It’s not just being in the zone. This is even more special than that.

A few years ago I wrote a piece on Duke Ellington, and as I wrote it, I had his Live At Newport album playing. And I was listening to tenor sax player Paul Gonsalves’ incredible solo in one of the oldest songs in Duke’s book, “Diminuendo And Crescendo In Blue.”

“It’s one of those moments that every human being should experience. It’s crunch time, and you’re called to perform at something — a job, dealing with family, facing the outside world. And you’re performing at a level that you didn’t know you had and you don’t remember how you did it. Kareem Abdul-Jabbar described one of those moments during the closing seconds of a playoff game when he was at the baseline, in the corner, those seconds ticking away. Abdul-Jabbar said time just slowed down for him, kind of like you’re watching the world in slow motion. A teammate got him the ball, Kareem put up the hook shot, it went right in, and immediately the world went back to real time. I’m sure it was that kind of moment for Duke Ellington and his band.”

There’s no doubt Gonsalves was in his sweet spot then, and so was the Duke.

And you know what? Reading over that paragraph, I think perhaps I was operating in mine when I wrote it.

For the curious (and those who dig the Duke), here’s a link to the original piece.

For more on the sweet spot, check out Max Lucado’s Cure For The Common Life.



Jun 232012

In his book On Writing, Stephen King told of his son taking saxophone lessons. The youngster was seven at the time, really liked hearing Clarence Clemons of Bruce Springsteen’s band, and wanted to sound like him. But this didn’t last, and King knew the boy’s ambitions were taking a dogleg left.

“Owen mastered the scales and the scores,” King wrote. “Nothing wrong with his memory, his lungs, or his hand-eye coordination — but we never heard him taking off, surprising himself with something new, blissing himself out … if there’s no joy in it, it’s just no good. It’s best to go on to some other area, where the deposits of talent may be richer and the fun quotient higher.”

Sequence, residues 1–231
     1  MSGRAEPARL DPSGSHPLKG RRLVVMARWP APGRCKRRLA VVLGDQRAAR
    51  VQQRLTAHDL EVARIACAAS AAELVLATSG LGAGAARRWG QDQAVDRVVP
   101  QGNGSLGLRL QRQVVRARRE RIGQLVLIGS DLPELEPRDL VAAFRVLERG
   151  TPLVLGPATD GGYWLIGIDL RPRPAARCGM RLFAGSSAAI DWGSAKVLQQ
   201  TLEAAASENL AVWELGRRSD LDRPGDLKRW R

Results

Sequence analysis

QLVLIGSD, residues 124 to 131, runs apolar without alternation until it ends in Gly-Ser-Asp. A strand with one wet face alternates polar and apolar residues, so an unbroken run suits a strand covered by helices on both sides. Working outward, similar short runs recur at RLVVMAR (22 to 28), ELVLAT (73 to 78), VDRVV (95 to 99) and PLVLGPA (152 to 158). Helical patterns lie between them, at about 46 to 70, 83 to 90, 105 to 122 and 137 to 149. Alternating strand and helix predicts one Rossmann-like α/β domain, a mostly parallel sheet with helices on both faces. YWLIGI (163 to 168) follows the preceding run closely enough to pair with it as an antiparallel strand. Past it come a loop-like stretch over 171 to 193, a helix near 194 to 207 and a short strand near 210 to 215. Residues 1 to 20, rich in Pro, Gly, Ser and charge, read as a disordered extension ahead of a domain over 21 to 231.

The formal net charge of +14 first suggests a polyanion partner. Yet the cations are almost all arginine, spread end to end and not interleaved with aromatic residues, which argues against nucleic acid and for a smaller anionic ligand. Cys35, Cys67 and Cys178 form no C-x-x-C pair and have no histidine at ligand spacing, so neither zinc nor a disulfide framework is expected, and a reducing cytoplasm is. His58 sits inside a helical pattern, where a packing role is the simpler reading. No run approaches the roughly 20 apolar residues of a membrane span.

Creating is hard work. You really will sweat it out, and you may feel drained after a long session at the computer or at your instrument. But if you’re not having fun with it, you may be at the wrong address.


Jun 222012

“Good morning, bipolar. Are you going to behave yourself today?”

Creation is usually a lonely business, best done when no one is around to bug you while you’re working. By it’s very nature it’s easy to go into isolation when you’re in full creative flight.

This isn’t such a good thing if you are prone to any of a variety of mental illnesses floating around. Depression, bipolar, all that stuff seems to grip a person by the throat when he’s by himself and the doors are locked.

I recently read a short piece by Julie Fast, a writer/coach who knows a little something about bipolar disorder. She lives it, she fights every day to even get to where she can function, and she’s in-your-face honest about it. She knows what she can and can’t do with her illness, and she works within her limitations. One of her books, Get It Done When You’re Depressed, occupies a place of honor on my desktop bookshelf by the dictionary, thesaurus, Writer’s Market, and Stephen King’s On Writing. Its pages are well-thumbed, high-lighted, annotated and coffee-stained.

What is it about these creatives?

A thing about artists and mental illness: I’m not sure why the two seem to go together. Maybe the same gene produces both. Maybe artists are just naturally more sensitive to problems of the brain and spirit. Maybe it’s a byproduct of living a life that’s just out of the mainstream. And maybe artists, writers, musicians and entrepreneurs are just more self-absorbed than the average person. This is all conjecture, and I’m not qualified to do more than voice my opinion. All I know is that I wake up every morning and say: “Good morning, bipolar. Are you going to behave yourself today?”